"The sky was cloudless, but its lovely blue was rivalled by the ultracerulean of the sea. The gulls, making merry in and out of our smoke and steam, never failed to examine any fragment dropped overboard. Great eagles, alarmed, bent the boughs from which they took flight. Bears are now in season, and abound; wolves troop after the deer; whales spout and dive, raising high in the air their broad tails before they sink with a gurgling splash; porpoises rollick beside us without dreading our stern-wheel, which would mangle them without mercy. I used to pity the halibut when I saw it fighting the voracious dogfish, but since I found the latter's backbone in the other's stomach I pity neither.
"Islands everywhere, with their tops snow-clad in May! Not a rood of turf anywhere, or an open glade, or a level spot big enough for bowls. Trees stretch their branches over the waves by which they are kept in trim--trees right away to the snow where Christmas lasts the whole year--so many trees that you wish Nature were less bountiful in clothing these steep mountains standing out of the great deep. Whether the green is grey or the grey green, I cannot decide. The only variation is where the deeper soil of the valleys nourishes the bigger trees, which are doubtless green; so that the vast forests are only veined by the narrow valleys or ravines, where the deep shadows are almost black.
"Night falls over the again calm sea, and now, instead of the reduplicated shore and the powdered peaks photographed on the burnished surface as they were at sundown, the dark reflection in-shore would be sombre, but for the elastic stars floating on the ebony mirror, the counterpart of all but the fixity of the starry splendour above.
"Tired with watching the varied moods of God's handiwork, we thankfully moor alongside the wharf at Port Wrangel. There we take on our cargo and a large number of horses for our destination at the head of navigation on Stikine River. Half-way across to the river's mouth, as we steam along, we see anchored off the only salmon-cannery, a full-rigged ship that lately brought the workers and materials. By-and-by she will ship the produce of their summer work, and sail away to distant shores.
"A few hours' steaming takes us through the U.S. territory into our own. The entrance to the river is encumbered with vast sand-banks, so that we could not pass over until high water, and then by a passage so tortuous that only a local pilot knows the shifting windings.
"Our pilot from Port Wrangel was a wizened old Indian shaking with palsy, and so impressed with the importance of his temporary charge that he bought a new suit of clothes with the money to be earned. So small was he for his garments that they seemed to be nearly empty. He posted himself opposite the big Zimshian quartermaster at the wheel, who, as soon as the bar was crossed, steered his own course, much to the disgust of the new suit of clothes.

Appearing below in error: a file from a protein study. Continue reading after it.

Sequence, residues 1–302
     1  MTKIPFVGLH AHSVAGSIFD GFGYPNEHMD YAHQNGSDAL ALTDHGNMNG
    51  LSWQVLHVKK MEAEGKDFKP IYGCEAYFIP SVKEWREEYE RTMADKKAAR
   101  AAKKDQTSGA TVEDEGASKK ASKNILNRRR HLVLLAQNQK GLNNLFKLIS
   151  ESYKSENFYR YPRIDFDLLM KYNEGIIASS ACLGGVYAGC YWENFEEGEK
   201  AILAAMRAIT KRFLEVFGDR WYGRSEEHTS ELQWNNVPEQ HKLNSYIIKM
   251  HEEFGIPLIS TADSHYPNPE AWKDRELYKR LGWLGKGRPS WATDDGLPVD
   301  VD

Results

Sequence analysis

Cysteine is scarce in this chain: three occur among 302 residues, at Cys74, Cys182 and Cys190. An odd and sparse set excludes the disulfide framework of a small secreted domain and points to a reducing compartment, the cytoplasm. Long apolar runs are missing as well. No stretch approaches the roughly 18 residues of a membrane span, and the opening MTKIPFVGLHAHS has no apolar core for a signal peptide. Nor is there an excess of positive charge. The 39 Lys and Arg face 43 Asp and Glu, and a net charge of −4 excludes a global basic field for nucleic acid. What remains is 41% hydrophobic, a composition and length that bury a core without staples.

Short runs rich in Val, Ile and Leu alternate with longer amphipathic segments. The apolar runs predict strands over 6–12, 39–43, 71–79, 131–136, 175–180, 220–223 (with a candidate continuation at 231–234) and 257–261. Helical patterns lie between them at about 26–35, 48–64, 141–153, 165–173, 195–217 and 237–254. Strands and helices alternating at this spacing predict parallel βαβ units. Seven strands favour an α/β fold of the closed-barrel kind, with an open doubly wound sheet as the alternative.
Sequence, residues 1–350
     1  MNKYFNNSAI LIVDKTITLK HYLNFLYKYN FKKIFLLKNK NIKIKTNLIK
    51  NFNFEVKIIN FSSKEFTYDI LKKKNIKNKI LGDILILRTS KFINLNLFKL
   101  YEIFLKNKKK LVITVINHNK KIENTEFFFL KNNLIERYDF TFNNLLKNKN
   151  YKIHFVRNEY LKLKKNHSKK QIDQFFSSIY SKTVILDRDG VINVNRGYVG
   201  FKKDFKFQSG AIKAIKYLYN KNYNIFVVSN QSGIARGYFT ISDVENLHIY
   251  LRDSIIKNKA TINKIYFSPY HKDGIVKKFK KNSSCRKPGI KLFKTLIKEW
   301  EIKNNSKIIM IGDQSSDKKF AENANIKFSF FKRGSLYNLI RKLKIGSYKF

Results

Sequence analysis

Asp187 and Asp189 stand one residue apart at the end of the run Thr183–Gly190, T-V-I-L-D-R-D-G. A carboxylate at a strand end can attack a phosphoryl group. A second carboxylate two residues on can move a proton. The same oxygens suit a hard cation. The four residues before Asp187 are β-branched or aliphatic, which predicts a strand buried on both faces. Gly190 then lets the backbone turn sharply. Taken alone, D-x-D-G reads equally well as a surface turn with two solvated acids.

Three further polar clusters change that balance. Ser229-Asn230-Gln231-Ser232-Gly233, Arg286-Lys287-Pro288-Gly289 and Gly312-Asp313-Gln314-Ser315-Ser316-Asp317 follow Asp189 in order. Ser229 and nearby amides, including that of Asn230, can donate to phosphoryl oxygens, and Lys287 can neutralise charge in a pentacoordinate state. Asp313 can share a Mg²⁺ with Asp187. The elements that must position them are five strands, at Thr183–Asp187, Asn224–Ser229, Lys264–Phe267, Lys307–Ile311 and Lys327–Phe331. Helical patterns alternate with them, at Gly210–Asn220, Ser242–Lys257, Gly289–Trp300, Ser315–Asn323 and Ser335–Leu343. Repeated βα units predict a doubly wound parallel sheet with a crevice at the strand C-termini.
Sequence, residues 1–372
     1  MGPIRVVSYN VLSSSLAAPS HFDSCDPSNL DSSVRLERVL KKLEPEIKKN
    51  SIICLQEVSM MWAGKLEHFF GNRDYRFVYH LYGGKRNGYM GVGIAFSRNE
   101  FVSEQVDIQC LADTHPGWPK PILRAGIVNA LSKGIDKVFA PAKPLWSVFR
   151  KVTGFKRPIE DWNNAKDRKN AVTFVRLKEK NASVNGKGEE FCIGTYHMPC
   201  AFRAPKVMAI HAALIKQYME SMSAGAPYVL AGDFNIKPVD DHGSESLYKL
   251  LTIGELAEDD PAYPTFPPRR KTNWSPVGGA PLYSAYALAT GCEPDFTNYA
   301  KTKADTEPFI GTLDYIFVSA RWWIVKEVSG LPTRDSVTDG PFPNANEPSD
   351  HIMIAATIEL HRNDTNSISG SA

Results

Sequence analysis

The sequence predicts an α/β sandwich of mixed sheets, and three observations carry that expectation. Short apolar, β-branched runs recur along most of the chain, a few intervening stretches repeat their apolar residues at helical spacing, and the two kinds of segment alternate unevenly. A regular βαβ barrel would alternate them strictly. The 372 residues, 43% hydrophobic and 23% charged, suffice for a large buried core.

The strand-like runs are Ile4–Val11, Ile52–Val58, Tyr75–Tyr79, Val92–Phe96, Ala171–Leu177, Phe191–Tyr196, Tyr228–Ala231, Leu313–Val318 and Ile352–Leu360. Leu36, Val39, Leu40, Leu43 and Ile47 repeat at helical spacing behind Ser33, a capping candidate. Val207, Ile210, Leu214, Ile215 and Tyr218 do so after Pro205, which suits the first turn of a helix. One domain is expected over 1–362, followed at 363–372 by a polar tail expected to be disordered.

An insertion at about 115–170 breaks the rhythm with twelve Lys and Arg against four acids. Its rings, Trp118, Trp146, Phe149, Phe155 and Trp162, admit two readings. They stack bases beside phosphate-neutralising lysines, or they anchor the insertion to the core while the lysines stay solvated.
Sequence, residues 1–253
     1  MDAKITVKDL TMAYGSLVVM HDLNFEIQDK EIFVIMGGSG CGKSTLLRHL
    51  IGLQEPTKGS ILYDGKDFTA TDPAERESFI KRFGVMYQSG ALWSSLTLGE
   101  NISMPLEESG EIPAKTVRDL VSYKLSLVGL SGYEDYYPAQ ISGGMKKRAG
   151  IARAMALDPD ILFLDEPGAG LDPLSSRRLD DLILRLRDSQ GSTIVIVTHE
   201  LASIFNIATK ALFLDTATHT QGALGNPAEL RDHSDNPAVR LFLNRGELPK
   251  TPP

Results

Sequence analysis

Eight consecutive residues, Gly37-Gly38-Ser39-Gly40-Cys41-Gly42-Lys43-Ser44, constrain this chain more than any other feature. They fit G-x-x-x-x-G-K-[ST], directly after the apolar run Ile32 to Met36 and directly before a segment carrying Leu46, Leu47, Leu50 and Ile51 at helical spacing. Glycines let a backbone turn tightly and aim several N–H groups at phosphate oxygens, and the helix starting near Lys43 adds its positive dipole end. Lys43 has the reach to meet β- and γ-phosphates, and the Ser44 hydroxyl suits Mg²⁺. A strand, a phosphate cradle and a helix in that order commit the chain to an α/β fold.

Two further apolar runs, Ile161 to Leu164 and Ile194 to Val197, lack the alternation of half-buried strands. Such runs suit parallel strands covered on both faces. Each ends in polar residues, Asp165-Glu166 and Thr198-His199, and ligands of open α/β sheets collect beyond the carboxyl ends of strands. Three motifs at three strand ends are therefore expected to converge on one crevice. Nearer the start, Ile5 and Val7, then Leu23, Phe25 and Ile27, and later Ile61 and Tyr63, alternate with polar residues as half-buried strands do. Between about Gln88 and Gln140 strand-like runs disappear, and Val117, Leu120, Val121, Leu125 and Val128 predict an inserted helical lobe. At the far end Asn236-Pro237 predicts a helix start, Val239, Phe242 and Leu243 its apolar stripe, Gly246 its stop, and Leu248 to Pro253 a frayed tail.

"What a vista in mountain snow-land burst on us as we turned into the first long reach of the river! Range after range abutted on the river, so that the valleys opened to us as we steamed past, each with its glacier, giving the mountains an appearance of a serried line of gigantic sentinels guarding the avenue, rather than a magnificent defile opening into the treasures of the snow.
"At Wrangel, in the one poor little garden, I saw there were daisies and pansies, lettuce and radishes. The willows on the river's mouth were putting on their spring verdure, three weeks later in the season than the Skeena I had lately left, which had then arrayed itself in summer attire.
"In the space of two hours we had left all this behind and plunged again into winter. Not only wore the mountains all snow-clad, but the islands and sand-bars were buried to the water's edge. As we proceeded, deeper and deeper was the covering, until it was six feet thick.
"About fifty miles from the entrance, after passing many lesser glaciers, we reached the largest, where we donned our overcoats and shivered. The timber dwindled as we approached it until it became a mere scrub under its shadow--again it became stalwart as we left the sprawling monster behind. The present right bank was the former edge of the moraine--now the glacier has receded 400 yards, and is still shrinking, though its curved face measures fully three and a half miles, and its top edge is 200 feet above the river. It issues from the broad valley about five miles back, and is spread out like a fan on a bed of its own making. It is said (but I doubt it) that with all its ramifications the ice area of this one glacier is equal to 200 square miles. The scattered granite boulders, often as large as a room, found many miles from their first bed, testify to the former desolation.
"The strange thing was to see the aspen growing on the river banks, standing out of deep snow, opening their buds and looking like pale gold from a distance. With icy water percolating round their roots, snow above, and an atmosphere in the daytime nearly to freezing point, they were still true to the call of their Easter summons. Dauntless, hopeful children of God, what a lesson in faith ye teach us!
"After passing through the coast range, the birthplace of snow, the scene changes as if by magic. On the eastern slopes summer like a queen reigned supreme, less than fifty miles from the throne of winter in the same merry month of May.